An education world without rules or controls

Awakening Spirits, a private microschool that serves children with sensory issues, was launched by a former educator who taught English at a charter school for low-income students in the Minneapolis-St. Paul area. The founder worked with, a company that helps teachers and parents with the business side of education.

“I’ll show these people what you don’t want them to see. I’m going to show them a world without you. A world without rules and controls, without borders or boundaries. A world where anything is possible.” – Thomas Anderson, “The Matrix”

Andy Rotherham recently published his annual Eduwonk In and Out List, which he describes as unscientific, impressionistic, and often informed by “don’t tell anyone I sent this email” missives from colleagues. Here’s a partial look. (You can see the whole list here.)

While I’m obviously happy to see education savings accounts on the “in” list, the “Scale/Out and Microschools In” observation that caught my attention. Could it be that the “Scale” era of the choice movement is like a rocket booster that won’t be making the remainder of the journey forward?

The goal of bringing schools to “scale” always contained a difficult assumption: that we knew which types to attempt to scale up. That assumption contains within itself an implicit assumption of benevolent guidance.

Some guidance was explicit, such as the preference for “portfolio” choice models. In other instances, the urge for control was more subtle, for example, in heavy-handed charter school authorization.

For decades choice philanthropists heavily emphasized subsidizing certain types of charter schools during the “scale” era. In retrospect the overemphasis of a certain type of school in urban communities proved to be a strategy with a low educational and political ceiling. A power-struggle over K-12 policy broke out within the Democratic Party. Alas it did not end well.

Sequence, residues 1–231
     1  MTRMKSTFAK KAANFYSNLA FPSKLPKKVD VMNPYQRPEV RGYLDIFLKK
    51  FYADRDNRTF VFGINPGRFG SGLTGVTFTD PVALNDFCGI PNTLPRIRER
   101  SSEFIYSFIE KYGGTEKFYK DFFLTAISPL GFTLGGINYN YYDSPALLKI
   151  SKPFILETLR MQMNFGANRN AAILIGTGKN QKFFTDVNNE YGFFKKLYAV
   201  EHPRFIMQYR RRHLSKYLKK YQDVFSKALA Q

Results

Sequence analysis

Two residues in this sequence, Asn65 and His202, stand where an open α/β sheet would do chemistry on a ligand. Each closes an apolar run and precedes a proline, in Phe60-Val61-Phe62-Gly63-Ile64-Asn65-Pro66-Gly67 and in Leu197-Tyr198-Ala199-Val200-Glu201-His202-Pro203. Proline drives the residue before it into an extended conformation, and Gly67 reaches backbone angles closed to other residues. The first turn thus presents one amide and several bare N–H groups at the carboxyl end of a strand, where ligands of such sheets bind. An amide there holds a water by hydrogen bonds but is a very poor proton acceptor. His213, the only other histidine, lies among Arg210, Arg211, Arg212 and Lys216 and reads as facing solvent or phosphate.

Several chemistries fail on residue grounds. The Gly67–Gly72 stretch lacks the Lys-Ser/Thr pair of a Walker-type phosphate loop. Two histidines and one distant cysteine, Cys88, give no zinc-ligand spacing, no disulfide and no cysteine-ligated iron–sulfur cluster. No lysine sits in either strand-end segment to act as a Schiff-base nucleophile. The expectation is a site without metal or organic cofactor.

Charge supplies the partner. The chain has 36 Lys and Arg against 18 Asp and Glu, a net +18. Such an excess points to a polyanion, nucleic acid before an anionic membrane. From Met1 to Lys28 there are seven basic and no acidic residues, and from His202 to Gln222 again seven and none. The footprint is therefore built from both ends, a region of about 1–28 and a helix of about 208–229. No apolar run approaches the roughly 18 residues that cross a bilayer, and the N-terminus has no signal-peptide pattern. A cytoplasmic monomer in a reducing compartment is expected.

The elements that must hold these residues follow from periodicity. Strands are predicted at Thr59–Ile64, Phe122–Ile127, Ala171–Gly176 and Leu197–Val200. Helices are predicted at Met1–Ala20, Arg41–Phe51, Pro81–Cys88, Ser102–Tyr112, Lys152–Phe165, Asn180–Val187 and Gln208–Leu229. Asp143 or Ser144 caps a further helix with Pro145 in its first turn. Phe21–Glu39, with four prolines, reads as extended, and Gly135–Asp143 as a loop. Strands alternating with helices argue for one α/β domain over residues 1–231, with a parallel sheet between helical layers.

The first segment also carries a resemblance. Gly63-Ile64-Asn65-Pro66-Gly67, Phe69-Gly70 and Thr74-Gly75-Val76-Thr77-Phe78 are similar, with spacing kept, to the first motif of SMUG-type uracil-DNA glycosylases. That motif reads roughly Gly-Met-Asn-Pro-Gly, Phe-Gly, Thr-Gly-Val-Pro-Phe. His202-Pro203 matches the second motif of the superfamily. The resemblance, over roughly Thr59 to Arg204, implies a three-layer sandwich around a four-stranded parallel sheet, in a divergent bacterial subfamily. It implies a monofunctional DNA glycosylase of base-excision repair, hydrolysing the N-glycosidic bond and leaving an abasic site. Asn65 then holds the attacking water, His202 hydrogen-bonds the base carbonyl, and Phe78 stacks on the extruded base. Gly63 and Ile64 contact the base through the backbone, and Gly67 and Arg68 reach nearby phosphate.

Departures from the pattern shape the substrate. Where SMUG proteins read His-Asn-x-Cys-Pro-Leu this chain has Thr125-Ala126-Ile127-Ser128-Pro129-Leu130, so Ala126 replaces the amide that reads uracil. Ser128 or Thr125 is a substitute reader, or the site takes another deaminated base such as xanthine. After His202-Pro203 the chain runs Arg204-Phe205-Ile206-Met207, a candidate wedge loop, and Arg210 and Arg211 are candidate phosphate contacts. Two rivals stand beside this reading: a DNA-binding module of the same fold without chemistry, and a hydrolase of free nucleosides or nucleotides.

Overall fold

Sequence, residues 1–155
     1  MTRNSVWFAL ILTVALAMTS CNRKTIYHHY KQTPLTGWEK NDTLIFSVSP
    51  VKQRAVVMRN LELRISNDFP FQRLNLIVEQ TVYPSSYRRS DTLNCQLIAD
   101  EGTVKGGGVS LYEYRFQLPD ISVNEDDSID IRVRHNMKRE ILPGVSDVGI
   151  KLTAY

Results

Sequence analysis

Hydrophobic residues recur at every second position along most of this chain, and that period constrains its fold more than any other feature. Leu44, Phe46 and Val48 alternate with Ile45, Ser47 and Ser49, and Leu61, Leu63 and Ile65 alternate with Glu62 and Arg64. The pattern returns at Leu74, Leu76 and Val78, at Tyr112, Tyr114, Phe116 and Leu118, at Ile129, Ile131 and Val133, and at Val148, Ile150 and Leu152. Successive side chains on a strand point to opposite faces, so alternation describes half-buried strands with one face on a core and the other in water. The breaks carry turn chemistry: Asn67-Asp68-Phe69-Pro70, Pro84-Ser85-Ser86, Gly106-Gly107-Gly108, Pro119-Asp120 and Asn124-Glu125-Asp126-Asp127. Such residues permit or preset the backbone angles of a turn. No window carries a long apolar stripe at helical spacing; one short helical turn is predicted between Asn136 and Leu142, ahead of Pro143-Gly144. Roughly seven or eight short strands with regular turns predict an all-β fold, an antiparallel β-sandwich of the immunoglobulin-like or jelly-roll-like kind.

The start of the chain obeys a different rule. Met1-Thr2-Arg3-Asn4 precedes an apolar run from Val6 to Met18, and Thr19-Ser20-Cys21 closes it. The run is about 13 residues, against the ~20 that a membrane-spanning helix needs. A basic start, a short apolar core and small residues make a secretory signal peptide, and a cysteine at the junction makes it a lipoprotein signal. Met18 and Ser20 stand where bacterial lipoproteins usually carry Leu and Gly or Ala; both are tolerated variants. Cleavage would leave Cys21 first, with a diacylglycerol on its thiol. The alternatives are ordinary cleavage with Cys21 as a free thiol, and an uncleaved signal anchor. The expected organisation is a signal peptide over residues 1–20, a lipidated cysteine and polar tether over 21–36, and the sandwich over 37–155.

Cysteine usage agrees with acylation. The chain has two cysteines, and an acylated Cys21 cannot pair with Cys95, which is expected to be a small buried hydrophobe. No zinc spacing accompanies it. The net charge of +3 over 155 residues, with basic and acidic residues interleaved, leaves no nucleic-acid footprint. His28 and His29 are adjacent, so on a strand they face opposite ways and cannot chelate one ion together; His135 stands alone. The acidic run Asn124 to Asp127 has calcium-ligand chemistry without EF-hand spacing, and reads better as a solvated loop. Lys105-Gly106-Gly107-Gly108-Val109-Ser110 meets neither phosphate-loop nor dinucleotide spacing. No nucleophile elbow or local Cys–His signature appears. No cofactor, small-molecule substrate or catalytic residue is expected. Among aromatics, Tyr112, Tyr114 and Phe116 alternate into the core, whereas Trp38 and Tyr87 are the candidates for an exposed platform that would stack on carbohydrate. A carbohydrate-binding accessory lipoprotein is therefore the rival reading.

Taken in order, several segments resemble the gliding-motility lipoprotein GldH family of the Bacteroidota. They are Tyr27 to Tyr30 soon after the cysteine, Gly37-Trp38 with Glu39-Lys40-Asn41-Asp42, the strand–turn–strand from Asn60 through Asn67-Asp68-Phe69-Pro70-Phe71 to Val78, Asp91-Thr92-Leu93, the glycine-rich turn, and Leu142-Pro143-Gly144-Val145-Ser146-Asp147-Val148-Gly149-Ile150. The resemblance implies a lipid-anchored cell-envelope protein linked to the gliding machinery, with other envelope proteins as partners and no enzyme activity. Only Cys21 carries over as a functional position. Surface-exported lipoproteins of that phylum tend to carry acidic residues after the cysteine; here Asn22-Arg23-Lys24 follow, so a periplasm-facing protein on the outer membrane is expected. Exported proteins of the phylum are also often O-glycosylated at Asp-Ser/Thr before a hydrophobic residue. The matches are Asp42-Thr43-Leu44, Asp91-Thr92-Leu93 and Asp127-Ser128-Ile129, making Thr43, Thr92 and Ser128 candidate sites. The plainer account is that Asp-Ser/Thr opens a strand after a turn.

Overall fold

The humble model of choice supporter viewed things differently than the scale school. The humility school started the assumption that we cannot know what is best for everyone. Values and preferences vary widely and genuinely. The scale school choice supporters want to control the choice space in order to make it “acceptable.” The humble looked for revealed demand in schooling, valuing the wisdom of crowds more than the preferences of the self-appointed.

Now let’s fast-forward to the COVID-19 pandemic. Our response to the COVID-19 pandemic will be studied for decades to come as a case study in fiasco. A great many American families, quite understandably, came to the conclusion that they wanted to increase their independence from a public education system that had crashed in such a spectacular fashion.

A Do-It-Yourself education movement, of which microschools are a part, had been quietly growing for decades. DIY rose up to meet the challenge of the COVID system failure. The genie shows no sign of going back into the bottle.

This does not mean that the “scale” institutions will disappear any time soon. As I related in a previous post, a disappointingly long seven decades passed between the first drilled well producing “rock oil” and the killing of whales for oil. School districts will last a good while longer.

Nevertheless, a powerful and complex set of factors has led to Rotherham’s In/Out list listing scale as “out” and micro-schools as “in.” Bespoke education is just getting warmed up, and it has a lot of room to run.

Let’s see what happens next, but color me optimistic.

Avatar photo

BY Matthew Ladner

Matthew Ladner is executive editor of NextSteps. He has written numerous studies on school choice, charter schools and special education reform, and his articles have appeared in Education Next; the Catholic Education: A Journal of Inquiry and Practice; and the British Journal of Political Science. He is a graduate of the University of Texas at Austin and received a master's degree and a Ph.D. in political science from the University of Houston. He lives in Phoenix with his wife and three children.